NEW YORK (CBSNewYork) — A plan was approved by a judge Tuesday to find a new operator for Long Island College Hospital and keep it in operation.
The State University of New York announced the settlement agreement among all parties involved in LICH litigation has been approved by Brooklyn Supreme Court justices Johnny Lee Baynes and Carolyn E. Demarest, as well as the state court Appellate Division and state Attorney General Eric Schiederman.READ MORE: Connecticut Becomes 19th State To Legalize Recreational Marijuana
SUNY will now issue requests for proposals for a new operator for the hospital, and will exit operation of the facility no later than May.
The deal was first announced by Gov. Andrew Cuomo Thursday . The LICH community and elected officials will participate in requesting proposals, following a seven-day selection period for a new operator.
Mayor Bill de Blasio said last week that he hopes the agreement will not only beep LICH open, but end “a really unfortunate, unnecessary, destructive time in this city – an epidemic of hospital closings that became a normal, featured landscape in New York City over the last 12 years.”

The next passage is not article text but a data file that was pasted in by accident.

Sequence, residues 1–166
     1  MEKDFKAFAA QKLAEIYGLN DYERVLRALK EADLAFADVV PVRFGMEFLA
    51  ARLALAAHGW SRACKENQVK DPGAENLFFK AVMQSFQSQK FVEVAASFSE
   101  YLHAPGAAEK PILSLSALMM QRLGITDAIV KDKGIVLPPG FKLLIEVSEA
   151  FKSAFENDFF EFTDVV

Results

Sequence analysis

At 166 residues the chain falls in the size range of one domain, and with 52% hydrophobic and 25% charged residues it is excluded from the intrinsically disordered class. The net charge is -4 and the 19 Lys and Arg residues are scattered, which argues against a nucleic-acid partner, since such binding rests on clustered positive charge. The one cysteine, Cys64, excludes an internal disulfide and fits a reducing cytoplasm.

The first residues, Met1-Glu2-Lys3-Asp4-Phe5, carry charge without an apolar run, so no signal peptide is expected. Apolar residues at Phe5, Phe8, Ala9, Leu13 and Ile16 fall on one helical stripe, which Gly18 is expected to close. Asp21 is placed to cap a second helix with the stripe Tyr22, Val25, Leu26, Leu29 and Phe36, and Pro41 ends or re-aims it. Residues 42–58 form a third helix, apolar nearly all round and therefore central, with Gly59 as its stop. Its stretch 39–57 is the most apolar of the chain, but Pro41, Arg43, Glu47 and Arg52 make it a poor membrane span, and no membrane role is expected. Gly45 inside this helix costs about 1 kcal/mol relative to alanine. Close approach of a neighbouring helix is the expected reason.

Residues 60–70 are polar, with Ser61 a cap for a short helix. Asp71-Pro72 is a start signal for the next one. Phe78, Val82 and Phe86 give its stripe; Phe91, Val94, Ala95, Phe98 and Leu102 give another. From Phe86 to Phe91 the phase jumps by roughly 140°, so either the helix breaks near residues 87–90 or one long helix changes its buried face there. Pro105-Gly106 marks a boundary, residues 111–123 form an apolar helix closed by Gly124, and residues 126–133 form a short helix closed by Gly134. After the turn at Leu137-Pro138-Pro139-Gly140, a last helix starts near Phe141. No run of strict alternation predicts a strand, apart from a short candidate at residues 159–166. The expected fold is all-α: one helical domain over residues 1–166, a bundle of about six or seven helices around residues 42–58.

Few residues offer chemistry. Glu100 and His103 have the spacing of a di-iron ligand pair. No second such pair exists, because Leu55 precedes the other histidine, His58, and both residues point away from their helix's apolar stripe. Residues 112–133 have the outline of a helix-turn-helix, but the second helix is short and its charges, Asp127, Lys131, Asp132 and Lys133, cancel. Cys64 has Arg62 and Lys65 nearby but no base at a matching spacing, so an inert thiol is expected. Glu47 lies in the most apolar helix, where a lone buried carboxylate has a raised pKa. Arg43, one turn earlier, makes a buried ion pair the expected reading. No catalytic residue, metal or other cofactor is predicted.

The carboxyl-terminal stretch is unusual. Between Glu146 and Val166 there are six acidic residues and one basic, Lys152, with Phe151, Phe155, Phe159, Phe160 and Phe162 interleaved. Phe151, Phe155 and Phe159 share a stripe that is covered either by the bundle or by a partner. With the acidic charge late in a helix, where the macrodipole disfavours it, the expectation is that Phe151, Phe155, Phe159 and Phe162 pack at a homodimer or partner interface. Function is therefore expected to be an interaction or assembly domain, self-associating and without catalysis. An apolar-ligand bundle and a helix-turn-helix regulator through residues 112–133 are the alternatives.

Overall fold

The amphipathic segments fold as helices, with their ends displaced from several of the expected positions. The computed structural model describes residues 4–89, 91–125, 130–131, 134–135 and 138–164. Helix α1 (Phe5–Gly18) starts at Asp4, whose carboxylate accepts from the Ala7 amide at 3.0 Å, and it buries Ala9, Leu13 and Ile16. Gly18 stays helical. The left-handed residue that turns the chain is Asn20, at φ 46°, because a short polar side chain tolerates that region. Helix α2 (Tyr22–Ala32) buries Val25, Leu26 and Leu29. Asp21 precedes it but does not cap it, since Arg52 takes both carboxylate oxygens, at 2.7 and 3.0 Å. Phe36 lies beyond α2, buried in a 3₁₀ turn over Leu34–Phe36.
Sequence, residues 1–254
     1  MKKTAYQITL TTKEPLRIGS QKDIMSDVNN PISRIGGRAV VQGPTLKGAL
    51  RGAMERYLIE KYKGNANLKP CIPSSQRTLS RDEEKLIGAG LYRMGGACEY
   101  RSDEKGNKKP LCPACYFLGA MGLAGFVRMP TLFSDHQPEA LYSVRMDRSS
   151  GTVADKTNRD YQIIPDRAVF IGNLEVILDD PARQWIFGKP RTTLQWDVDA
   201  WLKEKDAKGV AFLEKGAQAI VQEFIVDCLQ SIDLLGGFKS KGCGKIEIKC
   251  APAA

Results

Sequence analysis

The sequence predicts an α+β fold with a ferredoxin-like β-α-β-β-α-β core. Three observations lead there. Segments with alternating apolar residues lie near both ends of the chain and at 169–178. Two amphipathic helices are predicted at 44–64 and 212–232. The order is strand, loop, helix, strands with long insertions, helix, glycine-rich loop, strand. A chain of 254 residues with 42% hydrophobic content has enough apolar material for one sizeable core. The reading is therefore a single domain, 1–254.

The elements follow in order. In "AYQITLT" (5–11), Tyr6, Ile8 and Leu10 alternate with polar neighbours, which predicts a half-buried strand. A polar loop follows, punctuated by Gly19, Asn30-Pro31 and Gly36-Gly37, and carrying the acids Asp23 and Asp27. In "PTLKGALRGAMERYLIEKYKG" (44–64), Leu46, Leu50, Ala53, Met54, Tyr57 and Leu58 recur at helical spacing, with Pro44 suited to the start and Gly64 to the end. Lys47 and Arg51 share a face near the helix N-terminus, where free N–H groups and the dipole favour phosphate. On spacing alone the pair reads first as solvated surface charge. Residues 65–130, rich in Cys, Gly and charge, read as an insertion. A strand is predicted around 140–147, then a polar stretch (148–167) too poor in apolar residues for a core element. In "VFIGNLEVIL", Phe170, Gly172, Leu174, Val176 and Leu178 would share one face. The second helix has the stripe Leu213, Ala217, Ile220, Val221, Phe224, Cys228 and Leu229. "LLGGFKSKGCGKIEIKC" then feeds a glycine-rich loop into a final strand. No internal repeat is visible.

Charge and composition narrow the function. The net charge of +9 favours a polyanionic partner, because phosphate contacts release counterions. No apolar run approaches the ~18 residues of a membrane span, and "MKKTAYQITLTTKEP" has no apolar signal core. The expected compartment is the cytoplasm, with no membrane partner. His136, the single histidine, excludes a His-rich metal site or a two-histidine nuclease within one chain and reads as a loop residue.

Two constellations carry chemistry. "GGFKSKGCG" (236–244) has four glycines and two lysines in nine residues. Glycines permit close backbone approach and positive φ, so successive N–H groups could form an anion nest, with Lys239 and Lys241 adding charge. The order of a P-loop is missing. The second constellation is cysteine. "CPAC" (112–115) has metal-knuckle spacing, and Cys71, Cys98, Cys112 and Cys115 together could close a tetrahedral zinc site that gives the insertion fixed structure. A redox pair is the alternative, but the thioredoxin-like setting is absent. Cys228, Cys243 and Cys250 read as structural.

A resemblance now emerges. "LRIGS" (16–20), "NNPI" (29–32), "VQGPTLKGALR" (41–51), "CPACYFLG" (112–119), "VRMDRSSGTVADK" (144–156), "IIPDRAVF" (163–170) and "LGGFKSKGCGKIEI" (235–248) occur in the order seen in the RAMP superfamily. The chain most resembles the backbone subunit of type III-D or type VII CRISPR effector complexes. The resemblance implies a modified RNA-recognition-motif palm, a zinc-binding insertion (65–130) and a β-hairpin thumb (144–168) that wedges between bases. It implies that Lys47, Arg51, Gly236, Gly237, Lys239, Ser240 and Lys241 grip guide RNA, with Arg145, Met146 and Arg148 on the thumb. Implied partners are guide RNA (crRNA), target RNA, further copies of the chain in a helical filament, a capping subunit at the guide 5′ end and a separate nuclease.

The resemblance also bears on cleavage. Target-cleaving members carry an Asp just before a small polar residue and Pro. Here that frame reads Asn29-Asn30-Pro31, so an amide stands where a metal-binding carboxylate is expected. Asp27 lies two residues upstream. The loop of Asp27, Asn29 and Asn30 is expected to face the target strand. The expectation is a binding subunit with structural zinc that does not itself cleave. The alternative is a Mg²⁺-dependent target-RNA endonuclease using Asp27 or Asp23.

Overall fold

The mayor said 15 hospitals closed when his predecessor, Mayor Michael Bloomberg, was serving between 2003 and 2012.READ MORE: NYPD: Man Seen On Video Mowing Down Brooklyn School Bus Driver Camella Gainer Now Under Arrest
This past summer, Mayor de Blasio — then public advocate — was among those arrested, protesting because they feared SUNY would close the hospital and sell the property.
The New York State Health Department had approved closing LICH back in July. But the following month, the hospital was ordered to restore services to the levels where they stood prior to July 19 – the day the New York State Health Department approved closing the facility.
The judge also appointed an independent monitor to keep its eye on SUNY.
In the interest of implementing the new plan, SUNY has received strong proposals in a previous solicitation that have already received broad support from community and religious groups, and has asked for qualified bidders to resubmit their proposals.
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